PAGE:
Internet discussion group drama.

Builders:

Here is the best story I have about how the self-exciting ‘drama’ aspect of internet discussion groups work, It actually happened on the Corvaircraft discussion group ten years ago:

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A guy, who had met me in person a number of times, who is a fixture on the Corvaircraft list, gets on the list and says he just looked at his Conversion manual, and evidently I left out pages 113-114 and 115-116 when I mailed it to him. (At the time, I was still allowed on that list), but he doesn’t ask me, he sends the question out to the 750 people on the discussion group.

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Within minutes he gets a reply from another guy with one of my manuals, who says he just checked, and his manual is also missing these same pages.

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Third guy writes back, and notes that his manual is also missing the same pages. He adds a comment that ‘WW really should do better on printing’

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In the next hour, a total of eleven people write in to say they also have checked their manuals, and they also have missing pages 113-116. This starts an avalanche of comments. The first ones are about poor printing control, but within a few posts it turning into righteous indignation, a half dozen commenters piling on, including comments like “Someone could have been killed by things that WW left out, he certainly owes us all an explanation and an apology.”

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What actually happened? Every single one of these people had completely forgotten that page 113-114 was the liability statement, and 115-116 was the manual registration page, and each of them forgot that they had filled out these pages, personally cut them out of the manual, put them in an envelope and mailed them. That’s right, they went right to the keyboard to inflame and indict, with absolutely no memory of writing, cutting out and mailing the same pages themselves. This wasn’t an April fool’s joke, nor drunk people writing in after dinner, it was sober people in the middle of the day.

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I wrote a short reply back pointing out that I had each of their ‘missing pages’, in my filing cabinet, all filled out and mailed to me. None of the people wrote back about how I didn’t owe them an apology now. Keep in mind that this was eleven out of 750 people, but if any rational person saw what was going on, they didn’t speak up and interrupt the drama club. Most of the people on that list didn’t own a manual from me, and had I not been on that list, they would have thought I carelessly left pages out of books. For the last 5 years I have been banded from that list, mostly for not being ‘nice’ in my writings, no matter what anyone else said about my efforts.

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Where are “the eleven” today? They are still on the Corvaircraft discussion group. Have they learned anything about internet groups, or their own conclusion jumping? Maybe not, as one of the people who ‘demanded an apology’ for this weeks imagined insult to Dan Weseman, was one of the same eleven people.  Do I feel left out from Corvaircraft? Yes, I do, but I felt the same way when I became too old to be a Cub Scout anymore.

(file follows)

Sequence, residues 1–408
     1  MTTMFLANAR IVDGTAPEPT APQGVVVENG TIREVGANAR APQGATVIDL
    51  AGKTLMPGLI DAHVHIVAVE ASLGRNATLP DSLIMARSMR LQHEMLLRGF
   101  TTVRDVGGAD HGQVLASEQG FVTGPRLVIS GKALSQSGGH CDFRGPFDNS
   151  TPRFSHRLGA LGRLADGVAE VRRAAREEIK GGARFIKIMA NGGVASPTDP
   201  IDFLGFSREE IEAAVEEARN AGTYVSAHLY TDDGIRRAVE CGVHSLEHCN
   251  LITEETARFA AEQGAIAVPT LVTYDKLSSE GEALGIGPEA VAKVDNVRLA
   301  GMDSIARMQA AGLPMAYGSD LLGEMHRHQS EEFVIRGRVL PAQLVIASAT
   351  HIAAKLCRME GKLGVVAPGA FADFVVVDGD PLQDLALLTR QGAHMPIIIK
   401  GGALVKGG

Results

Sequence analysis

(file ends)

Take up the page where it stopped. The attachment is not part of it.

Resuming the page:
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The day after the ‘missing page mystery’, it may have seemed The merry-go-round of the endless drama club stuff of the internet might change, but the carb drama this week driven by people who can’t take the time to actually read before commenting shows nothing ever changes, it is still there, 10 years later, and it will always be there. Internet discussion groups provide a place for a certain type of person to feel at home. That’s fine, just make sure that if you are not that kind of person, you don’t wake up there ten years later, listening to the latest drama about who owes who ‘a public apology’ over an imaginary slight.

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Above, Dan Weseman and I stand in my front yard; This was the first run of the Panther’s engine. Last night Dan and I worked on an R&D project until 1 am at our little airport. On the internet, a half dozen people, egged on by a angry guy demanded ‘a public apology’  for Dan over an imaginary comment. This did provide some comedic relief for last night’s work, as we made comments like “You owe me a public apology for handing me that 7/16″ wrench” and “You owe me a public apology for your insincere public apology for my public apology” . On the serious side, we did speak at some length about the rewards of doing the type of work we do. It was about good people you get to work with, learning a tremendous amount of technical information, exercising well engineered creativity, and spending time closer to family while working near home. All stuff pretty far away from internet drama.

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-ww,

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